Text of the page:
Thankfully, Zeus comes to the rescue. When I say that, I mean it literally. Without giving too much away, let’s just say that there’s an incident and Zeus – aka Carter – swoops in and becomes JD’s hero. Not just that, he helps him handle the fall-out and insists he come and stay with him for the night. JD’s not one to ask for or accept help, but he doesn’t want to go back to his place so he agrees. He doesn’t know Carter at all really but the Finns seem to trust him so he takes his chances. It’s awkward but it is nice to have somebody jumping in and taking charge, even if it is a guy who has JD feeling all kinds of things he has no business feeling.
Carter is a forty-three-year-old retired Marine. When he walks outside the bar to see the ‘incident’ he’s angry at himself for letting JD sneak away. He’s been doing everything short of shoving himself in front of the guy to get him to notice him all night. Having to rescue him to get his attention wasn’t exactly what he had in mind. Even so, JD goes home with him and stays in his guest bedroom. But Carter wants a whole lot more than the friendship or whatever it is that’s happening between them. He wants JD and he wants him bad, and I’m not just talking about sex.
JD is stubborn with a capital S. He’s so convinced that Carter wouldn’t be interested in him that he mostly avoids him until he can’t. When he’s forced to stay another night with Carter, the man has to bribe him with food to get him to do it – even inviting some of the Finns and Fiona. Something almost happens between them but then JD again freaks out and bolts to the guest room. Only when he’s not given much choice, and has nowhere to run, does something sexual finally happen between them.
I loved Carter right off. I liked JD well enough but he had me shaking my head more often than not. Carter was an only child. JD was one of ten foster kids. Unlike some horror stories you might hear about foster families, JD and his brothers had a wonderful experience. Their foster parents were good to them and remain in their lives. More about that comes out in the book, with a couple of brothers and the parents even being introduced on page. The love and closeness was obvious and they liked Carter, even if he was only six years younger than Rick, JD’s foster dad.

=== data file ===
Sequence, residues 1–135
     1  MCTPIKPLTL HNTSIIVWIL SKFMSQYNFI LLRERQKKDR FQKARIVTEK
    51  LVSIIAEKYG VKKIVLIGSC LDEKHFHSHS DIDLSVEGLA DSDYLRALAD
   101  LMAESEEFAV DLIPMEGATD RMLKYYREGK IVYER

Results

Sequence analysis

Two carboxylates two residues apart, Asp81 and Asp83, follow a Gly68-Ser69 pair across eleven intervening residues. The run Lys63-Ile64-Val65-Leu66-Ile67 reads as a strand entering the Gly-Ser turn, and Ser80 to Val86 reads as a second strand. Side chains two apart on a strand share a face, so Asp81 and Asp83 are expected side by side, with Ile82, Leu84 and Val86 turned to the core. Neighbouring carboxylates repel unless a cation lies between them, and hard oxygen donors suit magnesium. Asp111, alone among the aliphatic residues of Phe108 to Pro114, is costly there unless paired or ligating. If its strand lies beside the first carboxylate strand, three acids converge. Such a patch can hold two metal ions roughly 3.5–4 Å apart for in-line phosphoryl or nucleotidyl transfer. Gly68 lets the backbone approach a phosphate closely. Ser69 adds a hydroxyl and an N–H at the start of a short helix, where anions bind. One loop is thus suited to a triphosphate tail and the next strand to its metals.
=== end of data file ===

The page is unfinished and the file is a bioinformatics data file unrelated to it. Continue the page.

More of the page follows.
Everything’s going great. JD and Carter are finally spending time together and not just in bed. You can tell that Carter is all in. JD, on the other hand, is hesitant because he’s starting to suspect that he’s falling in love with Carter when they’ve only known each other for a few days. Everything comes to a head when he shares things with Carter that he’s never shared with anybody else. Carter is wonderful about it but he doesn’t offer much of his own story in return. That, for reasons mentioned in the story, has JD rethinking their relationship, maybe believing that he cares more than Carter does, though Carter didn’t really give him reason to feel that way. He also went out of his way to make sure JD was well taken care of in bed.
No more dry spell, thank you very much. 😉
Even so, JD freaks out and takes off.
There are a lot of characters in this book that I know are in others by this author. I saw this one first so only later did I check out her bio and book page. Even if they’ve had their own stories, and they were discussed a little, I didn’t really feel like I was missing anything. After I get through this particular series, I may check out the other Finn books.
The ending of this book was really sweet and also hot as hell. It had kind of a Never Been Kissed vibe – before the ‘hot as hell’ part anyway. That’s one of my favorite movies ever so I got the reference before it was even mentioned in the book. Can we say Michael Vartan? Hello! 😉
He has absolutely nothing to do with this book. He wasn’t even mentioned. But if I hear Never Been Kissed he’s the first thing I think of, so there you go.
This is a feel good book. There’s nothing really overly special about it if I want to be honest. The characters are like characters I see every day in the books I read. But it kept me grinning and I’m still thinking about it long after I finished it. There’s a bit of a mystery, a little violence, a whole lot of well-meaning friends and family, and bunch of Finns. It was truly a great book. This has gone on my all-time favorites list. It’s my first by the author.